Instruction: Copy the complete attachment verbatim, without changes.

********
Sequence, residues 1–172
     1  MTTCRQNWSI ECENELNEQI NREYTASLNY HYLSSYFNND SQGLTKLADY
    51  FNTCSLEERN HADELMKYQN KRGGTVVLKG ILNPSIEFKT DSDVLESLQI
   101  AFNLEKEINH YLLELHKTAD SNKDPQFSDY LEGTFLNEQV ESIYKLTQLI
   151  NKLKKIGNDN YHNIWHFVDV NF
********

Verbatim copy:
Sequence, residues 1–172
     1  MTTCRQNWSI ECENELNEQI NREYTASLNY HYLSSYFNND SQGLTKLADY
    51  FNTCSLEERN HADELMKYQN KRGGTVVLKG ILNPSIEFKT DSDVLESLQI
   101  AFNLEKEINH YLLELHKTAD SNKDPQFSDY LEGTFLNEQV ESIYKLTQLI
   151  NKLKKIGNDN YHNIWHFVDV NF